The Life and Times of the Wicked Witch of the West
Written by Gregory Maguire

1995 ** 406 pages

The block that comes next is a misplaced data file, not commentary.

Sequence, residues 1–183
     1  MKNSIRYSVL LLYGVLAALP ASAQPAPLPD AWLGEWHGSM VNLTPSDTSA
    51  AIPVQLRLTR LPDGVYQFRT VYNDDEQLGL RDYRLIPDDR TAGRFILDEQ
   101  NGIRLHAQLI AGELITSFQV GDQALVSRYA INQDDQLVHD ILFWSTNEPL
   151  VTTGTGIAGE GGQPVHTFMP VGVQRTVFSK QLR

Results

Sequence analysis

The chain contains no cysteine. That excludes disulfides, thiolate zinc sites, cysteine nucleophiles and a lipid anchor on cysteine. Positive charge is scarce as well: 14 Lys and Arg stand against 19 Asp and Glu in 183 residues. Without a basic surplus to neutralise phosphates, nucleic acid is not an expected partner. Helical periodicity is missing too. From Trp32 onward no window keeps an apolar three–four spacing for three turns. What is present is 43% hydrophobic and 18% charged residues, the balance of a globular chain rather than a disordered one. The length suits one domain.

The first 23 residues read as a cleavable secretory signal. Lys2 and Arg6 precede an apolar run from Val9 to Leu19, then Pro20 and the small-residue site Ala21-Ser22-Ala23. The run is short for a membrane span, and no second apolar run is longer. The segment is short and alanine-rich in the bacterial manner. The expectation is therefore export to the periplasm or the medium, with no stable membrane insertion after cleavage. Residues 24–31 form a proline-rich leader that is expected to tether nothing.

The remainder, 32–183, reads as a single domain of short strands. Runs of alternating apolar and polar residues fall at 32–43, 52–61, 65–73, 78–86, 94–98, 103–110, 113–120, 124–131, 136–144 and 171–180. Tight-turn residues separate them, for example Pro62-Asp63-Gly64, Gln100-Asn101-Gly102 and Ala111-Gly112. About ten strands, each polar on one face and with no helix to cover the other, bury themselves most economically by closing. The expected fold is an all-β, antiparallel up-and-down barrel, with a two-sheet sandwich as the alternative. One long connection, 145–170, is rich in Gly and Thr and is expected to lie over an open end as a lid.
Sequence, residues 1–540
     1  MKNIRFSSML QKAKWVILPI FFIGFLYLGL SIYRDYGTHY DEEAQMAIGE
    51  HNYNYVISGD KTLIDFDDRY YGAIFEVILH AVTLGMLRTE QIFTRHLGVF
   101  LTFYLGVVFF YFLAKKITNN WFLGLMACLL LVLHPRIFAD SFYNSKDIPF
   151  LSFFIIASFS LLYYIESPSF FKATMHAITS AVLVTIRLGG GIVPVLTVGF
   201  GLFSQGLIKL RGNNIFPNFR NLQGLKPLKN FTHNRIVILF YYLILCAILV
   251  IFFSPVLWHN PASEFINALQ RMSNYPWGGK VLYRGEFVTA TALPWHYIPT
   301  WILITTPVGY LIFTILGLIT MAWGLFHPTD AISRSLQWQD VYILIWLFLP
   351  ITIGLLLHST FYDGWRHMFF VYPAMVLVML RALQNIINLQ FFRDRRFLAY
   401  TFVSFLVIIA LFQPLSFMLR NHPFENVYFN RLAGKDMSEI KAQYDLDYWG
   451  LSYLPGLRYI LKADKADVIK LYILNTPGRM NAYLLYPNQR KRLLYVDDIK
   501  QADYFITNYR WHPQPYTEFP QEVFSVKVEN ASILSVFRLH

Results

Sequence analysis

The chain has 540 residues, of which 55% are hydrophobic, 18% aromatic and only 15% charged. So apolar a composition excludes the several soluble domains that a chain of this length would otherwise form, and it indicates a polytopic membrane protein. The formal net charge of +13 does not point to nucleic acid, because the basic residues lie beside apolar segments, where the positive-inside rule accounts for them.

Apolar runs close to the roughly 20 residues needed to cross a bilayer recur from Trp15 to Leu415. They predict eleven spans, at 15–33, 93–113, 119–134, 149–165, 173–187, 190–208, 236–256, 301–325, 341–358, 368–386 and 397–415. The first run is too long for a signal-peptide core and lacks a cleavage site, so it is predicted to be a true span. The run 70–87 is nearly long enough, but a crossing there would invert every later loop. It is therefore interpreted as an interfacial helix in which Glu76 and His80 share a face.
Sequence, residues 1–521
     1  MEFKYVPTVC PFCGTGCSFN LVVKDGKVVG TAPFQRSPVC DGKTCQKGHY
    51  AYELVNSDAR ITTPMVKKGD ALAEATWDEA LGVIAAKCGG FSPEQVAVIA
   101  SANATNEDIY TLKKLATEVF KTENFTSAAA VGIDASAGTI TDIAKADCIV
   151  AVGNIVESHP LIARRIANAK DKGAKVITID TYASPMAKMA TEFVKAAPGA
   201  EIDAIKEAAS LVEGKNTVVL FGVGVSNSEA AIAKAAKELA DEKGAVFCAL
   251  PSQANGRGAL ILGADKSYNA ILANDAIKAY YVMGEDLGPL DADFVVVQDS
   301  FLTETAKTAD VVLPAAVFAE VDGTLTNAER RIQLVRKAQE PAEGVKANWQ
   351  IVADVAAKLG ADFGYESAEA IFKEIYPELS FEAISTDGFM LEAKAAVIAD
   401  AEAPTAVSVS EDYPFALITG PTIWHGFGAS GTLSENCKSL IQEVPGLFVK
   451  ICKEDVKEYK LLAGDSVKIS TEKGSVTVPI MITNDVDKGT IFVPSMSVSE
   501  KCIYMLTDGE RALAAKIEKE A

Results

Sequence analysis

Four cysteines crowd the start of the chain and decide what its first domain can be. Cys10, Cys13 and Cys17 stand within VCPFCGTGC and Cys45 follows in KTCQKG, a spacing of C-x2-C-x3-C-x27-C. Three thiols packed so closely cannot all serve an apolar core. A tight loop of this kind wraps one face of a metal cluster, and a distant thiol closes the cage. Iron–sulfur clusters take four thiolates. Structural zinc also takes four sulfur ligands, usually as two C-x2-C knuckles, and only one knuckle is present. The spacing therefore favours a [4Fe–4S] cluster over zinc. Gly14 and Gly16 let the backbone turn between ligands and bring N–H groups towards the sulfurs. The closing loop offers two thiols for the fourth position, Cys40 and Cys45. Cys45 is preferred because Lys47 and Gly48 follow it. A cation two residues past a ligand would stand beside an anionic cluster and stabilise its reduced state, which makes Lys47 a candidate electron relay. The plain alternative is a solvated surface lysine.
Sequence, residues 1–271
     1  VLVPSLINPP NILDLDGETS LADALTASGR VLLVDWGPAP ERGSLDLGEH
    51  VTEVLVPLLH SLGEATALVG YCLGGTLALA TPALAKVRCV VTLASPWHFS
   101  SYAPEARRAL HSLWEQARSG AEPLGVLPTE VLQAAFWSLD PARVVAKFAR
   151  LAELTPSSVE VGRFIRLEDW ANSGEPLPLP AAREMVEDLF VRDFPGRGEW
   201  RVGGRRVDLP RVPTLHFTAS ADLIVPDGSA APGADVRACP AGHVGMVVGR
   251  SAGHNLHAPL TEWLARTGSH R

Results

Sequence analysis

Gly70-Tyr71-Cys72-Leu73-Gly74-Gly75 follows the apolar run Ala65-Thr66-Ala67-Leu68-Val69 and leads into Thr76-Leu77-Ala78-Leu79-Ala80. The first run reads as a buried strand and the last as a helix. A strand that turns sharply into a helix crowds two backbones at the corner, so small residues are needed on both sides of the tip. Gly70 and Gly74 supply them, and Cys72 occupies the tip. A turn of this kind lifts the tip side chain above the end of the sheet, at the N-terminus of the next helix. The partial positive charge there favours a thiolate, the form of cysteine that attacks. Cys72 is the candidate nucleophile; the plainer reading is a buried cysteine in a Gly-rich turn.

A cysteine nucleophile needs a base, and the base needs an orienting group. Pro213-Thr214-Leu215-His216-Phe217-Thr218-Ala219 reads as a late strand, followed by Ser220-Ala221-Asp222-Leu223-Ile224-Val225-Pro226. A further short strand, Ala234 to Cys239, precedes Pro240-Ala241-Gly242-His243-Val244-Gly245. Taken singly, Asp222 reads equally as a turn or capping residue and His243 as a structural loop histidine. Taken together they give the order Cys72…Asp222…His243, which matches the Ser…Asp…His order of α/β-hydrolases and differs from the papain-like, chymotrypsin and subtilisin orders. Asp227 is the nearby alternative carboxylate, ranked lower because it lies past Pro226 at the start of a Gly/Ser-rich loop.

I tried reading this book twice before I finally buckled down and read the damn thing. The first time I started it, I got about 70 pages in. The second time, I made it nearly halfway. The third time? I got the audio book and listened to it while physically reading it, and I knocked the whole thing out in one day. Gregory Maguire's Wicked is not an easy read. It's a very convoluted, political affair that never really makes itself clear. It's written in a very confusing way in which sentences and phrases are written so that you're not sure what's actually going on. A very important plot point will be made very vague in just one little sentence, while Maguire rambles on and on for nearly 100 pages about nothing that really matters. A whole lot of stuff happens in the first 200 pages, but once the second half of the book starts, Elphaba (whose name was so "cleverly" chosen from the initials of Oz's creator, L. Frank Baum) does little to nothing of any importance for 100 pages. The idea behind this book is amazing. It's a real-world look at the life of the Wicked Witch of the West, attempting to paint her as a poor victim of circumstance. However, the book is riddled with not-very-well-explained fantastical elements (What the hell is the "Clock of the Time Dragon" really supposed to be?!) and just plain unlikable characters who do very unlikable things, even our troubled heroine, Elphaba herself. The material is handled much, much better in the famous stage musical, which actually gives us characters we like and a story we can actually follow. If you first became affiliated with Wicked through the stage musical, STAY FAR, FAR AWAY from this ridiculous, garbled nonsense.